The Tehran Times has reported that the Foreign Ministry spokesman Abbas Mousavi has confirmed that a Taliban delegation visited Tehran.

“Within the framework of the Islamic Republic of Iran’s comprehensive consultations with all sides in Afghanistan, a political delegation of Taliban visited our country and discussed latest developments with related officials,” he said.

The visit to Tehran was the second foreign trip of the Taliban delegation. The first visit occurred in December 2018. The Afghan group earlier paid a visit to Moscow in Russia.

The delegation, comprised of members of the Taliban's political bureau based in Qatar, visited Tehran on Monday for talks with senior Iranian officials on the latest developments surrounding the Afghan peace process, including the breakdown of U.S.-Taliban negotiations.

Iran has been repeatedly saying that it attaches high value to Afghanistan as its eastern neighbor. Iran has also been insisting that peace talks in Afghanistan will not succeed without the involvement of the Afghan government, which had been largely excluded from Trump's deal. This especially troubled Afghan women, who without government representatives to ensure their liberties would be protected, began to worry that their lives could go back to what it was like in Kabul during Taliban rule. 

A senior Taliban leader in Qatar had earlier said, “The purpose of these visits is to inform leaders of these countries about the peace talks and [U.S.] President [Donald] Trump’s decision to call off the peace process at a time when both sides had resolved all outstanding issues and were about to sign a peace agreement.”

U.S. President Donald Trump canceled high-level talks with the group last week, citing a deadly bomb blast in Kabul that also left an American soldier dead.

After nine rounds of negotiations in Doha, which began in October 2018, American and Taliban officials agreed a draft accord that would have seen some 5,000 U.S. troops withdrawn from Afghanistan in exchange for security guarantees from the Taliban.

However, Trump cancelled the talks in a move that surprised the Taliban leaders.

In Afghanistan, the Taliban have attempting to coax Afghans away from voting for elections by attacking rallies and showing that Afghans will not be safe on election day. In territories controlled by the Taliban, coverage by Al-Jazeera indicates the Taliban in government are no different from the time they controlled Kabul in the 1990s. Women are still not allowed to work, and it appears beyond basic education necessary to read Arabic, are not allowed to pursue further education.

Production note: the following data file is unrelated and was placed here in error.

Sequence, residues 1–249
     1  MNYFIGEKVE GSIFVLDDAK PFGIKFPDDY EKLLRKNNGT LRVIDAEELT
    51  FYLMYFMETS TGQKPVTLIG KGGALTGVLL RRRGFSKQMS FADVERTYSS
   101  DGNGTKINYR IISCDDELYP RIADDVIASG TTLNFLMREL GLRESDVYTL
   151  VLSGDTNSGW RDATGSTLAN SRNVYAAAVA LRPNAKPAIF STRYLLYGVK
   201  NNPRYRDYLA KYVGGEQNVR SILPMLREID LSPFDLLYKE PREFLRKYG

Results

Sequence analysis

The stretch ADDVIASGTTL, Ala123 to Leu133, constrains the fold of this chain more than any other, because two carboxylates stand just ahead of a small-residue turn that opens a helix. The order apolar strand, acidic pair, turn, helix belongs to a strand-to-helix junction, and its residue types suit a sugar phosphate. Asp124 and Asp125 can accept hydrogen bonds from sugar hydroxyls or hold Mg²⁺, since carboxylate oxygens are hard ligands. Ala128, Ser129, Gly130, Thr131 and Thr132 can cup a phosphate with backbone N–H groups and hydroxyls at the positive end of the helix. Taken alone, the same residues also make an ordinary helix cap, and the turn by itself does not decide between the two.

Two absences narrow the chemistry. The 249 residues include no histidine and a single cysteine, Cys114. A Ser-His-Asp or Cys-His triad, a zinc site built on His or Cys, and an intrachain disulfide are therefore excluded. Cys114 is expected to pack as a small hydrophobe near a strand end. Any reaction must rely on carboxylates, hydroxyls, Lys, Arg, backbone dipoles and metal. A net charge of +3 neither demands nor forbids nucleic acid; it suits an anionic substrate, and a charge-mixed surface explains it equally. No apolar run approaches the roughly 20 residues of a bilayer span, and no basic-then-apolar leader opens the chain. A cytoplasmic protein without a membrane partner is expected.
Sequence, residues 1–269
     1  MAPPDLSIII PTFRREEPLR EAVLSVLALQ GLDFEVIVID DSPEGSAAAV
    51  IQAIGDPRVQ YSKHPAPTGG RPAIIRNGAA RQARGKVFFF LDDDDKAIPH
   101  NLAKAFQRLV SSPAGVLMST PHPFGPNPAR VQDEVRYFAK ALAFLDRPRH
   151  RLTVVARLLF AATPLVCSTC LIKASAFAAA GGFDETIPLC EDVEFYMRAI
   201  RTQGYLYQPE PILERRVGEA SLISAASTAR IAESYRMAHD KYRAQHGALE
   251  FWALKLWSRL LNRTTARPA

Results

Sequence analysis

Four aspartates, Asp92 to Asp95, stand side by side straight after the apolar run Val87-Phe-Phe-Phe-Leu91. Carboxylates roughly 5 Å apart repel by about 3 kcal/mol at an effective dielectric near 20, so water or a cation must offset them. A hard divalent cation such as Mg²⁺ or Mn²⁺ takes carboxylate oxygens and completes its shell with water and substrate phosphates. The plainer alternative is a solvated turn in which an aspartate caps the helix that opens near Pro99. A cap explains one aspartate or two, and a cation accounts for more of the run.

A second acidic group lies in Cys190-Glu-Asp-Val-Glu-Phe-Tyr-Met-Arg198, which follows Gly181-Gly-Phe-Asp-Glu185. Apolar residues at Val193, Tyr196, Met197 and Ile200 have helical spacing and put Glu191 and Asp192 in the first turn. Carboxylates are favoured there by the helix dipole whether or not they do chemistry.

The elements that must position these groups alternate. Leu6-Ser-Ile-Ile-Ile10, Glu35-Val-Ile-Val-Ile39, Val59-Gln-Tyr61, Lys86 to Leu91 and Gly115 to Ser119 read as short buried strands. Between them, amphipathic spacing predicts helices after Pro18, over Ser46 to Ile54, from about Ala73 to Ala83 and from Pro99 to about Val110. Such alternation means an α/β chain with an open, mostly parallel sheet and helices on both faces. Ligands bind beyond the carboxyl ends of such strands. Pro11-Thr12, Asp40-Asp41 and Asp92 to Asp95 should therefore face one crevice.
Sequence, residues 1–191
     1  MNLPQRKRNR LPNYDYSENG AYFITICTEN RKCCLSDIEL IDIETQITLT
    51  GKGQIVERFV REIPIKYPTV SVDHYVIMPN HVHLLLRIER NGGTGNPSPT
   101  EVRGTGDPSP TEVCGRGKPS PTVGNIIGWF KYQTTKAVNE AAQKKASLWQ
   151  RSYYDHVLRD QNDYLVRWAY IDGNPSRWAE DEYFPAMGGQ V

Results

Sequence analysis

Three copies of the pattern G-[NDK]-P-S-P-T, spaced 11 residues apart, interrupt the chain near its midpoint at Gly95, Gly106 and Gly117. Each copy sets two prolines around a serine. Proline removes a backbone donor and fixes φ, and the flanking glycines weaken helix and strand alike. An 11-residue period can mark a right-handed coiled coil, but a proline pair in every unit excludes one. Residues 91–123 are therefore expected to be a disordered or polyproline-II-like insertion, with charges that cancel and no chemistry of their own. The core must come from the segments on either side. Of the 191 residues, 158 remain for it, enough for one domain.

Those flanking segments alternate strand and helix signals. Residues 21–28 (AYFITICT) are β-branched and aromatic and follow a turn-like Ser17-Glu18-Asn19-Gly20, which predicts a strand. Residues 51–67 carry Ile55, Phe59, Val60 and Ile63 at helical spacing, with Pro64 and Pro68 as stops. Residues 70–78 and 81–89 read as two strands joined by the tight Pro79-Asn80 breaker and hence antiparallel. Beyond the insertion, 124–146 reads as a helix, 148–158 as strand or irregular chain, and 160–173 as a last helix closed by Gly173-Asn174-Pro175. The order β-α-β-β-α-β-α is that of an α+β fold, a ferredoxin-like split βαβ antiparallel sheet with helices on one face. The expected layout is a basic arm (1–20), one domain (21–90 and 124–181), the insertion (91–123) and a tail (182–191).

The group said that an agreement had been “finalized” and that discussions had ended in “a good atmosphere,” but the deal had been sabotaged by Trump.

The Taliban's visit to Tehran marks the first acknowledged Taliban delegation to Tehran. After Taliban fighters took over the city of Mazar-i-Sharif, they shot down Iranian diplomats who worked in the city's Iranian consulate. At that point, Iran and Taliban-ruled Afghanistan were on the verge of war. Iran financed the Taliban's most formidable rival, the Tajik Ahmed Shah Massoud from what was called the Northern Alliance. Iranians and the government also condemned the violence perpetuated against Afghanistan's Hazara Shia community, with massacres in Bamiyan by the Taliban etched in Iran's memory of the Afghan civil war.

Since that time, it has long been suspected that the Taliban and Iran's government had channels to communicate through, especially as the Taliban has began to project itself as an anti-American occupation force in the region.